Will Nurses Be Part of the Answer to HM Sustainability?

By  |  September 30, 2015 | 

In my last post I suggested that in order for hospital medicine to be both financially and professionally sustainable, we need to figure out how hospitalists can see more patients each day while at the same time be more satisfied with their work. One possible approach to achieving this aim is to support physician hospitalists with less costly staff doing work not requiring a physician’s license or expertise.

The most common skill mix diversification approach in Hospital Medicine Groups (HMGs) has been to add NPs and/or PAs to the team. SHM’s 2014 State of Hospital Medicine Report indicates that more than 65% of HMGs serving adults have one or more NP/PAs practicing in them.

Over the last year or two, though, I’ve increasingly encountered the presence of nurses (usually RNs, though sometimes LPNs) in clinical roles supporting hospitalist practices. A few groups have incorporated nurses for years, but now more seem to be exploring it as a way to offload non-physician work and help providers be more efficient. Other benefits cited are improvements in patient satisfaction when hospitalist nurses spend extra time talking with patients and families, better performance on core measures and documentation requirements, and improved patient flow when nurses fill triage functions or help facilitate early discharges.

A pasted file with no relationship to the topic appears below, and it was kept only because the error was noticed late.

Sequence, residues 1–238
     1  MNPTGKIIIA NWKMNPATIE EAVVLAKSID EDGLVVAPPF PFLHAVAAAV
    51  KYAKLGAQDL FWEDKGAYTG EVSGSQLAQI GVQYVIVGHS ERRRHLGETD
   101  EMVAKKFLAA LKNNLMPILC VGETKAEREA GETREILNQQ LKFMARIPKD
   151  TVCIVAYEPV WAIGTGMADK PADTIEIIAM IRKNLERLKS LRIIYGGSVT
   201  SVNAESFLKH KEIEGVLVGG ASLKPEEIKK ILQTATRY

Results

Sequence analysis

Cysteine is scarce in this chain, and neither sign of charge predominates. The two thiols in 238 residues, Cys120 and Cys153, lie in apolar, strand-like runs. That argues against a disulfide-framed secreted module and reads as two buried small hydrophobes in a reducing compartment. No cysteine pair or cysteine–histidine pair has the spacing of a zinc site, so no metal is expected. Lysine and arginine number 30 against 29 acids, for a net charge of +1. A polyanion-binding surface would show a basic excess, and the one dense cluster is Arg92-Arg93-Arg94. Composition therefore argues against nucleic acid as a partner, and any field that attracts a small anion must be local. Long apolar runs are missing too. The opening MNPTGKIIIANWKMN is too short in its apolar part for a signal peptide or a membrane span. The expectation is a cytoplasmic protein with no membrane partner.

Recently I’ve been collecting job descriptions for nurse clinicians (variously called rounding nurses, hospitalist nurses, nurse coordinators, or nurse clinicians), and so far the most common responsibilities include:

  • Holding the triage phone, taking calls from the ED and/or transfer center, and assigning new patients to providers
  • Rounding (or pre-rounding) with providers, reviewing charts, gathering key items of clinical information for the provider, and following up on outstanding tests or treatments
  • Ensuring provider attention to order sets, pathways, core measures, length of stay targets, etc.
  • Updating white boards, answering patient/family questions, serving as liaison between patient/family and provider, and delivering patient education
  • Coordinating with nursing, case management, and social work for discharge planning (in some cases attending MDRs or case management meetings on behalf of their providers)
  • Helping with discharge preparation, including assisting with medication reconciliation and other paperwork, making post-discharge appointments, and sometimes pre-loading discharge instructions and orders
  • Fielding calls from discharged patients, outside pharmacies, mortuaries, etc., and helping fill out documents like death certificates, FMLA forms, hospice, home health, and DME requests for physician signature
  • Following up on tests resulted after discharge
  • Making post-discharge phone calls to patients